Adoption Is Resilience: The Story of an Adopter

What Adoption Means To Me

Adoption can mean a lot of different things to a lot of people…for me, it is unconditional love that runs deeper than I will ever be able to express to my children. As a young child, I wanted to adopt from the moment that I knew what adoption really meant. Growing up in the late 80s, early 90s, it was not talked about. For me, it felt like something I needed, wanted, and the desire was much deeper. I have never been passionate about being pregnant, experiencing child birth, or having a biological child. Although I have always had a desire to help a child, to lessen the burden of another, to be there when someone else could not be or did not have the resources to care for that child.

Starting The Adoption Journey

My husband and I started our adoption journey in early 2006. We tried to conceive naturally and even began fertility drugs at one point. It did not feel natural, and I felt that it was not the road I wanted to go down. My husband supported me at the time, only telling me his fears and concerns three years later after our son was born and before our daughter was born.

We chose a private adoption agency, went through all the paperwork, the background checks, fingerprints, home study, and everything. We were so excited to become ‘active’ in March of 2007. Because we were both were working, had a wonderful home close to the beach, and loved our lifestyle, we knew it was the time was right to share our life with a little person. When we became active we were told that it could take a year to 18 months before we were chosen.

See, my husband is Jewish, and I was raised Methodist. We have very different views on religion, neither one of us were willing to convert, and we have always respected our differences. The problem was, the agency informed us that many young mothers do not understand the dynamic of interfaith marriages. They are typically young, want a cohesive couple that are both spiritually and financially sound. The agency warned us of the potential pushback about our religious differences and we were OK with it. We were not going to represent ourselves, our family, and our home in a way that was not who we truly are or represented.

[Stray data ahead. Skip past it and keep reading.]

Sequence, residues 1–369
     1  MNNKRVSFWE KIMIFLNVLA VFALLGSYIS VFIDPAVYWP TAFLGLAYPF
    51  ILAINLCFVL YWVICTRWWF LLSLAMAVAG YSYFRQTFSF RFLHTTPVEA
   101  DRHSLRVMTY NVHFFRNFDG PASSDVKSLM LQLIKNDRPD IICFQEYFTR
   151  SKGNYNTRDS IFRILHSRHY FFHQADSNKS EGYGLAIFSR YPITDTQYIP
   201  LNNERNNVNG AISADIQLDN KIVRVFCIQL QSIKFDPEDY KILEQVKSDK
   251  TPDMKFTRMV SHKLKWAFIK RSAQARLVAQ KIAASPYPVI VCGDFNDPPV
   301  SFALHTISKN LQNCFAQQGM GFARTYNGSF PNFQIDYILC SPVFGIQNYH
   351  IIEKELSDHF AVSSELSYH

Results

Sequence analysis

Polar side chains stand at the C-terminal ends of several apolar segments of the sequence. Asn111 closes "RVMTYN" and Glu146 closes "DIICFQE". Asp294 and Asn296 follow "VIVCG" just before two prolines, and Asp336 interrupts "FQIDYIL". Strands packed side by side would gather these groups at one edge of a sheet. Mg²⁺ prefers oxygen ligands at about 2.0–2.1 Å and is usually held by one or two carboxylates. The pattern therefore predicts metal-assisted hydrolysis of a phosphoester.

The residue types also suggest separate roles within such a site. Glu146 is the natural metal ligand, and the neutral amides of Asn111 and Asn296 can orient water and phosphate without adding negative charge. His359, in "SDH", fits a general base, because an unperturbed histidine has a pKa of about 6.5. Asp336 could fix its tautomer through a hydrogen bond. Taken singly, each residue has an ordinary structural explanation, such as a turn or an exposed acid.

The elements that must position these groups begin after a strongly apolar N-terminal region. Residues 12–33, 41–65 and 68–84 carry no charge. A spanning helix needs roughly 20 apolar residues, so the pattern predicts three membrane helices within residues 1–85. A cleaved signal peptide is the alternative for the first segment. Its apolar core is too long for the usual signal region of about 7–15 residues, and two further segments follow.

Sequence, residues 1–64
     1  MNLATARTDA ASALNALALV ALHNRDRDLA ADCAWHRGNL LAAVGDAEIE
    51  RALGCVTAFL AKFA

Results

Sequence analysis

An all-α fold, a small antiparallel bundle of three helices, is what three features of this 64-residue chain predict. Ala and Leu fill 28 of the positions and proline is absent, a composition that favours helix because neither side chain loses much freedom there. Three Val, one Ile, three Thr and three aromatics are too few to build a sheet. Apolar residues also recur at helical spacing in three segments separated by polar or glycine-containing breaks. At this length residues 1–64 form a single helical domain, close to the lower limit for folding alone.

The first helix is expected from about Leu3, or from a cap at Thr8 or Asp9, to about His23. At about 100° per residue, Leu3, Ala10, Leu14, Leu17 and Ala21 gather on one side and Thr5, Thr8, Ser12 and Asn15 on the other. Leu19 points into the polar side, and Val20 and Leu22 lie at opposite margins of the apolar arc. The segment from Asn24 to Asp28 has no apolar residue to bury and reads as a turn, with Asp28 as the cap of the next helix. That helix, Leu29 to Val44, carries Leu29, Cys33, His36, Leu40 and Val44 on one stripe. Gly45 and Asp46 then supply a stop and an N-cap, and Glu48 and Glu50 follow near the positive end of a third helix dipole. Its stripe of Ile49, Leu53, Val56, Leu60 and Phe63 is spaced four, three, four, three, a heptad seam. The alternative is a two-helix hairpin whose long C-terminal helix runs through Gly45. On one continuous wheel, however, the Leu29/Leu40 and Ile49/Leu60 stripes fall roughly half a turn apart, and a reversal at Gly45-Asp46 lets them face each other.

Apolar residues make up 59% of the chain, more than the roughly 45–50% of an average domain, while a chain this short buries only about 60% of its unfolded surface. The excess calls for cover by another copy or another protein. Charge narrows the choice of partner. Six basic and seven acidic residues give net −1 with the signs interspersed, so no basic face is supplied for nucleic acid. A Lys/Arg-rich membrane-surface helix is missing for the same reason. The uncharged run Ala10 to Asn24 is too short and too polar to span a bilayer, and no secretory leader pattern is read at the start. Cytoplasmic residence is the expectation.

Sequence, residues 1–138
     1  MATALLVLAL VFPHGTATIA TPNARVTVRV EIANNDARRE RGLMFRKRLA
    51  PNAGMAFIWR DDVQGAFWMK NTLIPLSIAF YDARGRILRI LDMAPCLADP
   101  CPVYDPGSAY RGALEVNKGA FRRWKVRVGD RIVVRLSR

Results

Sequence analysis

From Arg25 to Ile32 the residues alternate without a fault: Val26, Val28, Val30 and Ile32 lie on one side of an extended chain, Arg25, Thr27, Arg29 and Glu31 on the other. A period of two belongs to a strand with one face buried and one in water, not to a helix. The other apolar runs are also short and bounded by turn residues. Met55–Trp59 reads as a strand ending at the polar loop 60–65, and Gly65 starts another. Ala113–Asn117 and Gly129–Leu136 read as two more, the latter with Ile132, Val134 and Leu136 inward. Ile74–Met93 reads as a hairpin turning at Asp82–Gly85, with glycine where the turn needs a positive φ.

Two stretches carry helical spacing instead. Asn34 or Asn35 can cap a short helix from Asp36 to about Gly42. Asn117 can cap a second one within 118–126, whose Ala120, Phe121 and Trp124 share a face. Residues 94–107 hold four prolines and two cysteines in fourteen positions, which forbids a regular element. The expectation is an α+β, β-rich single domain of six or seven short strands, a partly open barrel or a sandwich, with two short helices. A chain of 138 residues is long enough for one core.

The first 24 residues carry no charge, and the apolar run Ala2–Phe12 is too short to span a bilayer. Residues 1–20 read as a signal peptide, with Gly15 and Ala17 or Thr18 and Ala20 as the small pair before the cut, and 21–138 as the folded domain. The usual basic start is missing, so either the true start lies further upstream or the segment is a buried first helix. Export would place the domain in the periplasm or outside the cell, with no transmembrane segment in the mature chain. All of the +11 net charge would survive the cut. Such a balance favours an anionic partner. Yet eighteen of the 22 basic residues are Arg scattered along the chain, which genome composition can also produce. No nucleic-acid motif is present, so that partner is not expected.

Getting The Call

On September 10, 2007, we got the call.

“A birth mother has chosen your profile and the baby is due in three weeks.”

What? It had only been seven months. We were not ready for this. What should we do? If we say ‘no,’ would we ever get chosen again? This must be meant to be. What’s next?

These were all questions swarming around our heads. We were scared to death.

Fast forward to September 21, 2007. It was a Friday morning. My husband and I both went into work to finish up a couple things before we headed out to Arkansas for the scheduled cesarean on September 24. Our birthmother wanted us to be present for the birth, and she wanted me in the room. Our bags were packed, and we were ready… as ready as we could be.

But our son had his own agenda.

He was born that morning, the Friday we were supposed to leave for Arkansas. I got the call at 8:10 AM. Your son has been born. We were in the car for the 16-hour drive by 10:00 AM. We had spoken with our birthmother along the way. She was excited for us, and stated it was an easy delivery, and she couldn’t wait to meet us.

We had not a clue what to do, but we knew we would figure it out. We arrived at the hospital at about 2:00 AM, and we got to hold our precious baby boy, feed and change him. Out of respect for his mother, we left the hospital at 4:00 AM to return at 8:00 AM, to meet her for the first time. The bond was instant, the love was unconditional, and I knew this was the beginning to an extension of our family. There were tears, there was hope, and a ton of fear and uncertainty.